My first memorable contact with the pro-life movement was going to some sort of rally around 9 years old. It was at our state capital and all I can really remember are the graphic pictures.
Fast forward to 2011 when I went to the Walk for Life West Coast and BAM. That fall I started working for Live Action, and the rest, you could say, is history. At first, learning about the injustice of abortion made me incredulous and sad. How could people think it’s okay? Who would do such a thing? So I did things like self-righteously post something on Planned Parenthood’s Facebook page. And then I would argue with the people who did things like call me a lesbian nun (yes, that was a real comment – my favorite insult!)
Now, four years later, I don’t think about it the same way. So here’s what I’ve learned.
1. Being pro-life isn’t all about babies.
Statistically speaking, abortion has wiped out more lives than any other single tragic event/disease/etc in human history. That’s a pretty big deal. But the fact is that babies aren’t given life if their moms don’t choose to give it to them. So you have to reach the woman first. You have to genuinely love her, because let’s be real:
So please avoid fetus tunnel vision at all costs.
2. Sometimes being pro-life makes life hard
When couples receive the news their baby will most likely not live long after birth, many would like to take the “easy” route by having an abortion and “trying again”. But couples like Trevor and Hayley show us that making a hard choice that respects the life of people like their daughter Veyda may be hard, but it is always worth it.
3. Working in the pro-life movement is inherently sacrificial
Want to stand out in bone-chilling cold praying for people you’ve never met? Is having people remove themselves from your life a thrilling possibility? Does being yelled and cussed at sound like your cup of tea? If you answered “yes” to any of these questions, you just might be called to get involved in pro-life work!
On a more serious note, making your mission to defend other people makes a lot of people grow in humility and love for others. Why? Because we’re not the ones being aborted. The majority of people who do pro-life work do it for other people. Some people have personal stories that drove them to do pro-life work, but other people like me not so much. I do it because I care about people. And you know what I’ve found? That saying “You find yourself by losing yourself in service to others” is spot on. If more people got involved in pro-life work we would lose a lot of the selfishness in the world.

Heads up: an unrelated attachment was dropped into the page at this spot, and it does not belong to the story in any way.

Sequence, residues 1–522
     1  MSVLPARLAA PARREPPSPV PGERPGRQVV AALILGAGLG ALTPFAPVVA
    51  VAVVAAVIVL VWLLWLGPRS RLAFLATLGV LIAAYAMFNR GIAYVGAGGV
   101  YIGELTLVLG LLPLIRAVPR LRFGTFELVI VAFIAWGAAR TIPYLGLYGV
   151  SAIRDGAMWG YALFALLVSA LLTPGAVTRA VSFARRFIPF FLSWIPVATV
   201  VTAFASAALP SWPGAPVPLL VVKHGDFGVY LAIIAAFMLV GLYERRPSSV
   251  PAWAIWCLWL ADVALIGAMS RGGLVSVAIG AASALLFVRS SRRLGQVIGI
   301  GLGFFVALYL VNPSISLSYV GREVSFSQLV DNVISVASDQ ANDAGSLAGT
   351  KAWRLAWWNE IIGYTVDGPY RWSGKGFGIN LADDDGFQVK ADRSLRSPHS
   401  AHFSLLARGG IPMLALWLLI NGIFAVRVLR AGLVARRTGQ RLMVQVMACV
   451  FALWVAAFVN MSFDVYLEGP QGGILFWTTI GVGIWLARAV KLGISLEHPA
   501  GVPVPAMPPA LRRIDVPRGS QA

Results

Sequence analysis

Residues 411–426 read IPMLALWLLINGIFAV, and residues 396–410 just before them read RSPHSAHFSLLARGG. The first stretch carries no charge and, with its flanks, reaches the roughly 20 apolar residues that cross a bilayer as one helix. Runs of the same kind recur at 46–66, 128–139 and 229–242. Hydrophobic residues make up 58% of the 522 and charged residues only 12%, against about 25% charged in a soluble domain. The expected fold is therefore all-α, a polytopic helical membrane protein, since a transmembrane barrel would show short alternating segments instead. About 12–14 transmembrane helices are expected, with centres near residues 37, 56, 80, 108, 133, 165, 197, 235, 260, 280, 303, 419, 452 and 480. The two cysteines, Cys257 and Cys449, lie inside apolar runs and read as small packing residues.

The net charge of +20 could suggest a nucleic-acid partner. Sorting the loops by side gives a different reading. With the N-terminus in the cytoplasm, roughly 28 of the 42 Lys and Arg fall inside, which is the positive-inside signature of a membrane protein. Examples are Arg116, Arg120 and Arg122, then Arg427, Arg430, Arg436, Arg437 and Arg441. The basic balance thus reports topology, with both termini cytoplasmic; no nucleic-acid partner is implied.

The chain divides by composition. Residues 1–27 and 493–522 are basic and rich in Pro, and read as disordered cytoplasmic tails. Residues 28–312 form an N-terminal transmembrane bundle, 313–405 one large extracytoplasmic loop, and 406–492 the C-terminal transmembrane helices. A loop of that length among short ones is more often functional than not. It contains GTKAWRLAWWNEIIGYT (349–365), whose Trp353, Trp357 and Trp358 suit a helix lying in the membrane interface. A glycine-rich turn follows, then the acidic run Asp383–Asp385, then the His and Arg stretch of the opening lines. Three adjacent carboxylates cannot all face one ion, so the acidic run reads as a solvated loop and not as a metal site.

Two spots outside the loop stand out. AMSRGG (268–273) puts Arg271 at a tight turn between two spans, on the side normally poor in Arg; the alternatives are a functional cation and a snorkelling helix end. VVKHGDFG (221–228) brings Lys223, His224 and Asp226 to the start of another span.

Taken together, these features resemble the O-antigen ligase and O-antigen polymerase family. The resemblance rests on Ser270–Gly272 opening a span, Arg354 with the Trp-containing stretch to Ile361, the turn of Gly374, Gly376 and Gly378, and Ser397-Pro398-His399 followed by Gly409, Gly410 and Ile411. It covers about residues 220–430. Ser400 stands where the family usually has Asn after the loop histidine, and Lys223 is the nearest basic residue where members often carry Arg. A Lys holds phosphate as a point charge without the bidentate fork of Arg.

4. We don’t agree on everything, but we can all agree on one thing
LGBT pro-life group? Secular pro-life group? Great. We agree about life. That’s what we’re here for. If you want to grab some coffee and chat other issues, great. But when we do pro-life work, we’ve got to be able to work together toward a common goal without letting our differences divide us.
5. Being pro-life means ALL life at ALL stages
Consistency is key, or being pro-life doesn’t make sense. We have to always be pro-life, even when it comes to issues that don’t involve smiling babies. Take, for example: euthanasia, death penalty, the porn industry, and human trafficking. Let’s talk about the over-sexualization of people in the media too. There are so many issues dealing with human dignity that we have to be careful to not limit the pro-life movement by putting it in a tiny box labeled “abortion”. It’s so much more.
6. Love conquers all
Ultimately, we do what we do because we are called to love our brothers and sisters. We see a hurt world suffering at the hands of evil. But we have hope because love is stronger than death. Love has already conquered evil on the cross, and it’s our job now to show we the world that “We are the Easter people and hallelujah is our song”.
Like many things in life, being active in the pro-life movement is not easy. But it’s worth it. It has challenged me, pushed me beyond my comfort zone, and givens me so many reasons to have hope for our world. It is raising up a generation of soldiers for truth.
It’s been 4 years now doing this crazy stuff, and I look forward to the many years to come. As I attempt to use my life to show the world the beauty and dignity of every human person, may we work together tirelessly in this movement. After all, when people look back on history and how we dealt with threats to the dignity of life, what side do you want to say you were on? Did you stand by the sidelines and watch? Or did you do something?
It’s up to you.